The mining sector plays a significant role in Zimbabwe’s economy. The sector accounts for over 15% of GDP, generates over US$2 billion in exports (58% of total exports), contributes over 13% to the fiscus and employs over 45 000 people.
There is no doubt that the mining sector plays a critical role in the development of the country. So what is the outlook for commodity prices and when do we expect commodity prices to recover?
According to South African economist Mike Schussler, if you believe that history repeats itself, then you may feel vindicated by analysing the Economist’s All Commodity Price Index for the last 130 years. The trend is depressing and if history is to repeat itself and the world follows the last four cycles since 1887, commodity prices are likely to remain suppressed for another 15 years or so.
The cycle currently shows that the world has entered the fastest slowdown in commodity prices since 1931 on a four-year basis, and we are currently on track for the fastest five-year decline since then. The result will see a significant re-alignment of the world economy. Power will shift back to the consumption-based economies with developed markets being the biggest beneficiaries.
In contrast, commodity and oil producers in Latin America, Africa, Middle East and Russia will struggle over the next two decades. The result has important implications for many African countries, including Zimbabwe. If history is anything to go by, then commodity prices are likely to remain depressed till 2030, posing significant challenges for our economy.
As illustrated in the chart below, there are four clear peaks in the commodity cycle and they are approximately 30 years apart. This shows that commodity cycles last for around three decades long each. Each cycle has a surging decade, which is followed by a massive collapse of around five years and then a slower downward decline, which lasts another 15 years. The peak years were 1917, 1951, 1980 and 2011. The troughs were 1931, 1971 and 2002.
The first peak in 1917 has more to do with the demand for iron and food during war and the end of the first wave of globalisation. The supply of foodstuffs was very limited and during the First World War, the extraction of minerals was in some cases interrupted. From 1903 to 1917, the index rose 40% in real terms.
The Second World War did result in a rise in prices of around 66% in real terms, but it was the vast rebuilding after the war that ignited the rise of commodity prices. The rebuilding of the United States economy led to a growth burst in the late 1940s and early 1950s. This resulted in a rise of 155% in real terms between 1938 and 1951. This was the longest and strongest rise, driven by Keynesian economics, post-war demand for iron ore and oil as well as the difficulty in getting food to markets.
Apart from the supply and demand challenges, the world started to abandon the gold standard. The subsequent downward cycle bottomed out in 1971. It was halted by the growing global trade and the oil crisis. This led to gold rising for the first time in a decade and peaking in 1980. Oil too peaked at a price far higher in 1981 than it is currently. From 1971 to 1980, real prices rose 145%.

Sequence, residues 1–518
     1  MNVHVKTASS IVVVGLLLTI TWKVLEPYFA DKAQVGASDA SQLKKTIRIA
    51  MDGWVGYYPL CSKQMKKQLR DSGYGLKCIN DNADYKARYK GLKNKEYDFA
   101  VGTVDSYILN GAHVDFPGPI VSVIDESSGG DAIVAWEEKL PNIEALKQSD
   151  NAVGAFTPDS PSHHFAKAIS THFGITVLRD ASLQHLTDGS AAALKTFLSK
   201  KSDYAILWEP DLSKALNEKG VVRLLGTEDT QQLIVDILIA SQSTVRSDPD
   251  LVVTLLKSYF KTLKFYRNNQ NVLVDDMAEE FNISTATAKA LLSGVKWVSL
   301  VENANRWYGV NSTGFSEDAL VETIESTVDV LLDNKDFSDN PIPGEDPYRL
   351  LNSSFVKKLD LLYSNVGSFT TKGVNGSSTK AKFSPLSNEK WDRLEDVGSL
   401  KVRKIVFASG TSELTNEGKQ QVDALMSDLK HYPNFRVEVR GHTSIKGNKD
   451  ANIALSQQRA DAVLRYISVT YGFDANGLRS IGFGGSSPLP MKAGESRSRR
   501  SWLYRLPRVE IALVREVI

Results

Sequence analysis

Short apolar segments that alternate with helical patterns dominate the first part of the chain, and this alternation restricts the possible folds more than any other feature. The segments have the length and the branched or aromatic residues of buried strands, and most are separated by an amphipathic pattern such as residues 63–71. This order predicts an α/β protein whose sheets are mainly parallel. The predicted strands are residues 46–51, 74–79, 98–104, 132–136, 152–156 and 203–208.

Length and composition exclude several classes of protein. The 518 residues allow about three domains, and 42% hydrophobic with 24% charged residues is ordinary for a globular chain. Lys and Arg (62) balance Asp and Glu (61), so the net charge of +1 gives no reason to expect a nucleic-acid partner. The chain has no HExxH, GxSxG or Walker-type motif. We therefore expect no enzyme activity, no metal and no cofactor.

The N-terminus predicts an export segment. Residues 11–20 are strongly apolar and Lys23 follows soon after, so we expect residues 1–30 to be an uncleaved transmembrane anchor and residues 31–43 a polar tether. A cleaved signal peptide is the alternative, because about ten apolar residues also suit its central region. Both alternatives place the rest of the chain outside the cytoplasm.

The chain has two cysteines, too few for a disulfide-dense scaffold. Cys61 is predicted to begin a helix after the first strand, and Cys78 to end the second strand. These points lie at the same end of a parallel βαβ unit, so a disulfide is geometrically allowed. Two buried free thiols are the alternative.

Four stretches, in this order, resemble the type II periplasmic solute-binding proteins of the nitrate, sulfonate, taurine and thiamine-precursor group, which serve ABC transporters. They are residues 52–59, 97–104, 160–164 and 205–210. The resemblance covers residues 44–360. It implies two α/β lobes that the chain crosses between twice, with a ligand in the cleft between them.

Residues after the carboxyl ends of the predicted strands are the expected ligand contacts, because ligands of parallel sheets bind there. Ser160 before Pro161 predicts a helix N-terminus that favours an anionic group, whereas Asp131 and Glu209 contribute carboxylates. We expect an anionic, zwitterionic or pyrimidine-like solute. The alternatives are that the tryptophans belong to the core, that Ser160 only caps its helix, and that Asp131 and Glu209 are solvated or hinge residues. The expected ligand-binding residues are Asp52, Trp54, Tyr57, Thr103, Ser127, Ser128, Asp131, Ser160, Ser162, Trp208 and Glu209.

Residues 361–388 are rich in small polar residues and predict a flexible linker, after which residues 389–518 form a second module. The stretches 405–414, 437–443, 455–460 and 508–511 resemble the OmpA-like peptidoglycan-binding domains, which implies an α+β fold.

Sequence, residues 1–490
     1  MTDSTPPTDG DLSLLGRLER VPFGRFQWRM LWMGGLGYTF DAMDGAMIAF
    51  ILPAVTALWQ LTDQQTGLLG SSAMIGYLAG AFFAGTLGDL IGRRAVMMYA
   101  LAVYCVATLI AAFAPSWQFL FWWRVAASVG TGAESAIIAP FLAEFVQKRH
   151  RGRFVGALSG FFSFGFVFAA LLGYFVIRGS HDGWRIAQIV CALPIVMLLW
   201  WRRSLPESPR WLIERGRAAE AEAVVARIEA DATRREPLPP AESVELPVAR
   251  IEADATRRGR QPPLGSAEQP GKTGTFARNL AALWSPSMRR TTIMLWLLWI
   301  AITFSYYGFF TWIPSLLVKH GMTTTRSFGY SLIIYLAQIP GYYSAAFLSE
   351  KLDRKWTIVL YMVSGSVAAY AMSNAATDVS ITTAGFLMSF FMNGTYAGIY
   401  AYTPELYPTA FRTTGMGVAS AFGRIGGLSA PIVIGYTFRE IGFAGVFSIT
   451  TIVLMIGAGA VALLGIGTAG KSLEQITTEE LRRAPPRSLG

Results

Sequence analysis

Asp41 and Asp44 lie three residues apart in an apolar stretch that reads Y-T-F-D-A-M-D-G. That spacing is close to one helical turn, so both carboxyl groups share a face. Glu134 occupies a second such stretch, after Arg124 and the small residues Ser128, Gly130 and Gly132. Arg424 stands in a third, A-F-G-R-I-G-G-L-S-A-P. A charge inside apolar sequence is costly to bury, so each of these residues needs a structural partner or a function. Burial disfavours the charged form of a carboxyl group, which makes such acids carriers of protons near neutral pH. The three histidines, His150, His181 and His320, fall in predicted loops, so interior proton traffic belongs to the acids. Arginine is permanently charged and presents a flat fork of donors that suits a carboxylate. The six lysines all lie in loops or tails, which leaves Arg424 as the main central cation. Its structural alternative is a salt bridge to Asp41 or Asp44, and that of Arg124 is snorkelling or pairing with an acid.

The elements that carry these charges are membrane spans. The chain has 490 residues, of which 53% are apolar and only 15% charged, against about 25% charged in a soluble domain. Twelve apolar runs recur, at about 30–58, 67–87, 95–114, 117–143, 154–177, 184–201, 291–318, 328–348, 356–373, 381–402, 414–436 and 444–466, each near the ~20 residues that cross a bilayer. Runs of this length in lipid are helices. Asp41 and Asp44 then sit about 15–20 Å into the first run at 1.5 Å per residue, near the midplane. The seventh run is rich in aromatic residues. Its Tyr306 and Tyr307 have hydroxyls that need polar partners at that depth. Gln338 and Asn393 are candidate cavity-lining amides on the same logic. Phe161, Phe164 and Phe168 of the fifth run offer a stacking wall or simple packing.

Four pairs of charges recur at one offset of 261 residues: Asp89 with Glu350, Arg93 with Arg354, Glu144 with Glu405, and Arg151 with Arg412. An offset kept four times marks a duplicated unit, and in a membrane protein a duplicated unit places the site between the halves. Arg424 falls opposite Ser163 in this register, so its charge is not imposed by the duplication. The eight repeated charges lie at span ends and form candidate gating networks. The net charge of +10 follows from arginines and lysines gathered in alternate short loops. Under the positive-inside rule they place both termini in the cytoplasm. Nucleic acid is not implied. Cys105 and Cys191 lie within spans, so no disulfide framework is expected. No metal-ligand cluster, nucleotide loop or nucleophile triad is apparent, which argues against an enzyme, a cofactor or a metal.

The most recent peak was reached in 2011, 31 years later, and followed a decade of massive growth driven by China and other emerging markets creating an unprecedented demand for commodities. From 2001 to 2011, real price in US dollars rose by 140% and was quickly named the “Super Cycle”.
History certainly appears to be repeating itself as we find ourselves firmly in a downward trend that may last for two decades. Ironically, in each of the cycles described above, the growth faltered at the point when there was a major increase in the supply of new commodities.
History also shows that the average decline in price from peak to trough is around 56% in real terms. The index has declined by only 38% during the past four years, more worryingly; nominal prices fell at the fastest rate for any four-year period since 1931. This means the world can expect further declines in commodity prices over the next decade, but probably at a slower pace.
The implications for Zimbabwe are significant. In order to survive, one has to be the lowest cost producer. With the exception of platinum, most mines in Zimbabwe are certainly not the lowest cost producers. We have seen a number of mines shut down recently and I expect many more to close down over the next three to five years.
Most of our mines are old and require significant capital. It’s unlikely that we will see any significant investment in the sector given the depressed commodity outlook and our unfavourable investment policies. I have long argued that Zimbabwe needs to diversify it’s economy away from primary production and focus on developing the service sectors. All that glitters is not gold and that’s true for the mining sector at the moment.'